Without further incident, we got to Rome, strolled out of baggage claim as I mentioned earlier, and caught a shuttle to our hotel (getting a deep eye roll from the woman at the shuttle desk when she heard we were only spending one night in The Eternal City).
Let's talk briefly about Rome traffic. We were in other cities later, and I've been in many large cities in Asia, but my friends, traffic in Rome takes the cake. I'm not sure if I can describe it, except to say that if you nearly covered the bottom of a box with 2/3 marbles and 1/3 ball bearings, and then shook the box, you'd approximate the chaos that is Roman traffic. The marbles are the cars, which can't move very far, and the ball bearings are the scooters. The rule for driving a scooter in Rome seems to be "if there is a scooter-sized hole in front of you, fill it." The shuttle driver said "Two million cars in rome. One million scooters. All crazy."
Finally we got to our hotel, or close at least. This was our first example of something we'd see again and again: a space between buildings that might fit a dumpster in Seattle is a major arterial in Italy. As near as I could tell there were no abandoned alleys... they were all streets people used regularly. And our hotel was on one of them. So the driver got us close, and (nice guy) led us directly to the front door.
That's enough for now. You'll have to wait a few days to hear about roof kitties and our first meal in Italy.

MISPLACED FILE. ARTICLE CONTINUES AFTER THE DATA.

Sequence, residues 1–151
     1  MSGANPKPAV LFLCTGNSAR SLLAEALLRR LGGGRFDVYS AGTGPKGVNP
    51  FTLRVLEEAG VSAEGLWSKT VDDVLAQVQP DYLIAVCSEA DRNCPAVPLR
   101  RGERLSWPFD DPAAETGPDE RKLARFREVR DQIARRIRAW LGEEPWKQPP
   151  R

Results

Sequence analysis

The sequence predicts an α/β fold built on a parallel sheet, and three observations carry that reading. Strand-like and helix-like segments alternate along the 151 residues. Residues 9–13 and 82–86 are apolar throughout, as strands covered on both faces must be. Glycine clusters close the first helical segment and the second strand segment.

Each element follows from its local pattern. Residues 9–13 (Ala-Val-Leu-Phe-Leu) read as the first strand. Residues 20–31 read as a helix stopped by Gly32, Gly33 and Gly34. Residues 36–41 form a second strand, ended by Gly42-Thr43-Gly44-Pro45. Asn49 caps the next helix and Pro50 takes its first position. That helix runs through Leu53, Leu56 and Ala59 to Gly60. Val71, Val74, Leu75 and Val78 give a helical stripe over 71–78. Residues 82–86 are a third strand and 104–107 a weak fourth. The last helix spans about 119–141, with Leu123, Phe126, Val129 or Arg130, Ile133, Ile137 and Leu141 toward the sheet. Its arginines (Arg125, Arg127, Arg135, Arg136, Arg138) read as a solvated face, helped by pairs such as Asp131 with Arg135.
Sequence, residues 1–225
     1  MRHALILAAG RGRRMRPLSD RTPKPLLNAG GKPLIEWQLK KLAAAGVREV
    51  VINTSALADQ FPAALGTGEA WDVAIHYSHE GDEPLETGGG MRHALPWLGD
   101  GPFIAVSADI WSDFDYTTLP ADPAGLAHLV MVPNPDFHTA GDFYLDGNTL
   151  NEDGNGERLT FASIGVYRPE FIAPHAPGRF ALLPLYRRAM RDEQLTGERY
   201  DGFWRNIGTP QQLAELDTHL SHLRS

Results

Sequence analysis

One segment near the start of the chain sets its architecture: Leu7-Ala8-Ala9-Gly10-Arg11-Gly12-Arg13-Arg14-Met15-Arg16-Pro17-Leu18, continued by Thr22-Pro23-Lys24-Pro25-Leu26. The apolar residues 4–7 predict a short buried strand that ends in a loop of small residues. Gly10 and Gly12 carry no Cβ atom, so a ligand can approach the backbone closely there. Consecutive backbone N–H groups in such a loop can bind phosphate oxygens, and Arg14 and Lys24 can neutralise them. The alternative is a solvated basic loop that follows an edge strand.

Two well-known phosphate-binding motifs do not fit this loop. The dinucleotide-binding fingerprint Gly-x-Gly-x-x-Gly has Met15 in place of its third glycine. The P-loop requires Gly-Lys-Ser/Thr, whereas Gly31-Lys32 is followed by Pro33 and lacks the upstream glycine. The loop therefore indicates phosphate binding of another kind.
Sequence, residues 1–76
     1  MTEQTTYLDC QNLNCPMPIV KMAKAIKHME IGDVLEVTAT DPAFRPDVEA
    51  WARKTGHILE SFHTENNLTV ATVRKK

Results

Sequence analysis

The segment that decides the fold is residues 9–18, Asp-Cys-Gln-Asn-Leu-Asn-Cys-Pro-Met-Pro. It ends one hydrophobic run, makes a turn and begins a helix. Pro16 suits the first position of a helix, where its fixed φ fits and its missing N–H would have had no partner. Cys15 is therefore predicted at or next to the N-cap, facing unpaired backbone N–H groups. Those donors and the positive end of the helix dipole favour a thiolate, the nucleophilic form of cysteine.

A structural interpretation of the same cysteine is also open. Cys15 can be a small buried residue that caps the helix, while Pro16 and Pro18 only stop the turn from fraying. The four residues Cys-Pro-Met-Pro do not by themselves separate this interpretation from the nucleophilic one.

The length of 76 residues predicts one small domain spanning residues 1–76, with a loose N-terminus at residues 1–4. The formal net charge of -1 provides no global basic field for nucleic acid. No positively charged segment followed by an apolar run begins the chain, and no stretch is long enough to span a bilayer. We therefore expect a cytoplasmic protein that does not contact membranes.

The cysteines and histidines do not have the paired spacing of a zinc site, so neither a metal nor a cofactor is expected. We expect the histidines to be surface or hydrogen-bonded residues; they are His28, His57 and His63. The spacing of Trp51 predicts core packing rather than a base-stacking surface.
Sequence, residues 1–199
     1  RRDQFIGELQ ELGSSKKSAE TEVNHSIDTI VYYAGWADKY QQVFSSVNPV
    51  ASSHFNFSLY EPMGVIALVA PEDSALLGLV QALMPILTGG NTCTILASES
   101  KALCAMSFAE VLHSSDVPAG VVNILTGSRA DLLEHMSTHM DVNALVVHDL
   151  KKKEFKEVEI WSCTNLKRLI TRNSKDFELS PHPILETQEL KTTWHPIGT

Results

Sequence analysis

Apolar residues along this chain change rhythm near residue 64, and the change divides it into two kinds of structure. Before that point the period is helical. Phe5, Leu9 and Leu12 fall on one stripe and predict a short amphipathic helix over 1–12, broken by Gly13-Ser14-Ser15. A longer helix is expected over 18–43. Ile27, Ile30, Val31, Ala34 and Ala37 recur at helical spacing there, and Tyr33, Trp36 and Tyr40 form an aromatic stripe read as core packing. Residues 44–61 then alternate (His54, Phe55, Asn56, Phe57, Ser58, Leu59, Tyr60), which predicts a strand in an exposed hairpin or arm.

Robert Jahrling, on Friday, December 3, 2004 at 11:52 AM:
Is someone going to watch "Double-headed $he-males" on their laptop sitting in the middle seat in economy class?
Hey, I sat next to a couple on a flight once and the woman was quite obviously giving the guy some, uh, massage with happy ending, if you catch my meaning. So I bet you'd be able to find someone who would watch porn in-flight. Besides, there are morons who look at porn in the middle of a crowded library.
heather, on Friday, December 3, 2004 at 12:43 PM:
I loved our taxi ride from the Rome train station to our hotel - it was everything I had expected and more from watching kodak TV commercials and European Vacation :-) We had a crazy cabbie that talked and talked non stop the entire time - he would frequently look back and use BOTH hands to gesture wildly (and we weren't stopped or anything) while pointing out some building or monument and giving us the history. Highly entertaining, and we got a great (if whirlwind) tour and intro to Rome in the process! It was all very Italian :-)
Joshua Edelstein, on Friday, December 3, 2004 at 1:38 PM:
Yay, me brudder and I have both been through Schiphol! I don't know why that's fun, but it is. I also don't know what you mean about easy immigration--we got WORKED OVER in Schiphol, and that was pre-9/11. Maybe it was your sleepy morning people. I did have easy boarding, though--when you're sportin' the punk rock get-up and a German last name, the flight attendants automatically address you as "Herr Edelstein."
I'm also feeling you on the Chinese--the most relaxed I felt in Europe was in a Chinese grocer's, because I could finally understand what the people around me were saying. Of course, it suprised the proprietors to hear a white boy speak Mandarin, and even more so to find out I'd come all the way from the U.S. to shop at their store.
Timothy, on Saturday, December 4, 2004 at 3:48 PM:
Tell us another neat story about your trip Dave ... bonus points for using the word porn again ....
Michelle, on Saturday, December 4, 2004 at 4:21 PM:
We had the exact same experience going through Schiphol to Greece. It wasn't until a day later when I was finally really awake that I thought, "Where the hell was passport control?"